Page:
Plant Politics in Karachi

by Franklin Ginn
Arcadia, Spring 2018, no. 12
Arcadia Collection:
Disaster Histories

In 2015, South Asia experienced one of its most severe heat waves in living memory, with 3,500 recorded deaths across the subcontinent. Rural agricultural workers and low-income urban residents suffered most. In Karachi, Pakistan’s largest city with a population of 20 million, 1,300 people died. The city was ill-prepared to deal with the scale of the crisis. “Bodies stacked up outside graveyards and morgues,” as one official put it.

An experienced nurseryman explains the changing economy of urban horticulture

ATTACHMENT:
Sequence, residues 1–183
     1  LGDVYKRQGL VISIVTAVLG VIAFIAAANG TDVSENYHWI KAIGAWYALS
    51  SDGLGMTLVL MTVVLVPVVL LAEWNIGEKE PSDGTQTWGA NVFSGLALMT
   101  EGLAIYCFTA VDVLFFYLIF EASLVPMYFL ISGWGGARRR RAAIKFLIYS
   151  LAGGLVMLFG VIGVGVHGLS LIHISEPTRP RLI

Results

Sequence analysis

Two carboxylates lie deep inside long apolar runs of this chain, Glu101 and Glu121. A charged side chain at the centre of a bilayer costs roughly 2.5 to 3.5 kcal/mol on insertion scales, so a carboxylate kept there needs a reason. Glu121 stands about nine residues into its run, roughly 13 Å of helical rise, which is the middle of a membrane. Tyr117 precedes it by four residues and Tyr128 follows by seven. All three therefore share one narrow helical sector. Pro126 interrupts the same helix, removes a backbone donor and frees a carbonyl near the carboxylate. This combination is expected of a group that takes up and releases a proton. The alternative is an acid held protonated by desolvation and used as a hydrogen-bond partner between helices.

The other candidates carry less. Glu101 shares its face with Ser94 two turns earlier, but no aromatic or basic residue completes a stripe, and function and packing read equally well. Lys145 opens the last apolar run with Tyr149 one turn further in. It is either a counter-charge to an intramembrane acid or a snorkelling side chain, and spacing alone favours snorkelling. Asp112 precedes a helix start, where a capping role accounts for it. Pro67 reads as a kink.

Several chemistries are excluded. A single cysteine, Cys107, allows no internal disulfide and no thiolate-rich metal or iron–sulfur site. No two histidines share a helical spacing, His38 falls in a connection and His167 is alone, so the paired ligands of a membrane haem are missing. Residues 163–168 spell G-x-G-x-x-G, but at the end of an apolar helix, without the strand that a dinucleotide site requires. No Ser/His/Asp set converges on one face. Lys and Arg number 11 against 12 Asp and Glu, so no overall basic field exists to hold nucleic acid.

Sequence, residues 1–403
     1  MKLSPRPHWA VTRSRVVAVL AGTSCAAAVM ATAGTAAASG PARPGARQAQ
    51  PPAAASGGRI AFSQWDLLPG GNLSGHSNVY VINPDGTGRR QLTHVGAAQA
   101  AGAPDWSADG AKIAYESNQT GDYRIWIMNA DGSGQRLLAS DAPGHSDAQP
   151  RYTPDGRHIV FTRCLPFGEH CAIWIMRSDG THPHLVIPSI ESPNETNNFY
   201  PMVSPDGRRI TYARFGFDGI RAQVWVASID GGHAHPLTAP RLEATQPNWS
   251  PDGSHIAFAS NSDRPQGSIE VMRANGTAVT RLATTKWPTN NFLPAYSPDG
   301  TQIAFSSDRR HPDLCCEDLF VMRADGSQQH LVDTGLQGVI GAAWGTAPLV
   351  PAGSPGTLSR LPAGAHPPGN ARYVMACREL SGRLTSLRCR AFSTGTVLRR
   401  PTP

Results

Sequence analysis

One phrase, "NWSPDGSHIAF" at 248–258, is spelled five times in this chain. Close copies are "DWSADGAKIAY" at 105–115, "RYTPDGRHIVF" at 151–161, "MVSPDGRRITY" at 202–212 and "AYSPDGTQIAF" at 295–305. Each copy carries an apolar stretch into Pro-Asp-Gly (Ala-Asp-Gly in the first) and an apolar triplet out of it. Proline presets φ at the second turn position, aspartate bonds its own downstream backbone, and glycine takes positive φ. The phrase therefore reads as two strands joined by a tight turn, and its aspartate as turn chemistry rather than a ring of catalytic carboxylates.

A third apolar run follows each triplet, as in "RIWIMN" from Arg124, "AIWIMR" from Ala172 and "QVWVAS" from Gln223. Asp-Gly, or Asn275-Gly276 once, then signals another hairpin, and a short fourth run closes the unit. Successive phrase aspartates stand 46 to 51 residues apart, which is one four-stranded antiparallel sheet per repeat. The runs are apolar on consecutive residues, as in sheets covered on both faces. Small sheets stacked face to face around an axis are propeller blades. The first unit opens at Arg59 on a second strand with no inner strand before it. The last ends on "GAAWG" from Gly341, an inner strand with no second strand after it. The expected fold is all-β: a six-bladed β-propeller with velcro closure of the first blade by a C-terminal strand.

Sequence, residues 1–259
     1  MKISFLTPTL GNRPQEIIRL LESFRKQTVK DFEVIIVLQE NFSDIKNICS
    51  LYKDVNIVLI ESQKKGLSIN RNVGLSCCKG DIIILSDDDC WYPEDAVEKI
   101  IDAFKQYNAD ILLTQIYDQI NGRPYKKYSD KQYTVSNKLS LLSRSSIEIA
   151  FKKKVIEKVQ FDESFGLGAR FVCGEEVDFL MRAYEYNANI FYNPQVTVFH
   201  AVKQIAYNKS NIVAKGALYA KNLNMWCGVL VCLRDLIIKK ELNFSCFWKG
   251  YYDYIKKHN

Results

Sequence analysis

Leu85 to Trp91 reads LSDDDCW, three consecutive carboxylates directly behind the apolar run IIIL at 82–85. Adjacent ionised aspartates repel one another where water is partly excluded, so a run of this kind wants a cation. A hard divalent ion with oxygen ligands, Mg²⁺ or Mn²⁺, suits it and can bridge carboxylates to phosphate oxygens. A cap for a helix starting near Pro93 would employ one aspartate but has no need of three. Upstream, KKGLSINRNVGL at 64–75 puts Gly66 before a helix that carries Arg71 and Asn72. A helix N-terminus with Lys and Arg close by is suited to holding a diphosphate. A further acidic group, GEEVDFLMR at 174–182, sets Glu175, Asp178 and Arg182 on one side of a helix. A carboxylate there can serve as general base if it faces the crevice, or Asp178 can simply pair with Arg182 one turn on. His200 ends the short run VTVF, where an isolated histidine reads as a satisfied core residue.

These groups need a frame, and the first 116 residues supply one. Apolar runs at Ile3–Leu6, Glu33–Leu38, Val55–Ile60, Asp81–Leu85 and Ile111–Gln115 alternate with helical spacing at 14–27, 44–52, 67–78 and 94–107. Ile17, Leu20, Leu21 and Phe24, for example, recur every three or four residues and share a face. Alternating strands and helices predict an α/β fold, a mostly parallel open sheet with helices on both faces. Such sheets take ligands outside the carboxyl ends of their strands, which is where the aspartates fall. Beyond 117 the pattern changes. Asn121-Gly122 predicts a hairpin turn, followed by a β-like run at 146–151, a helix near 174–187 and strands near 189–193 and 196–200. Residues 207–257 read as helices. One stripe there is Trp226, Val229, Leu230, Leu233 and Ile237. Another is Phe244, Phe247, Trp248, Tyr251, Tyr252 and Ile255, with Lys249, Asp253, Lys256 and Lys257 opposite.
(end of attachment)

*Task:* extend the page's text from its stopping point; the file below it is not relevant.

Having orchestrated and surfed waves of ethno-political violence throughout the 1990s and 2000s, the Muttahida Qaumi Movement (MQM) consolidated power over the city government with the election of Mustafa Kamal as mayor in 2005. MQM quickly rebranded itself as a modern, secular, neoliberal party to appeal to middle-class voters. Their Karachi 2020 Strategic Plan (2007) boasted of turning the megacity into a “world class destination for business and finance.” Among its many initiatives, the plan earmarked 10 billion rupees for increasing the number of green areas in the city. Motivations included aesthetics, alleviating air pollution, and—anticipating future heatwaves—cooling and shade.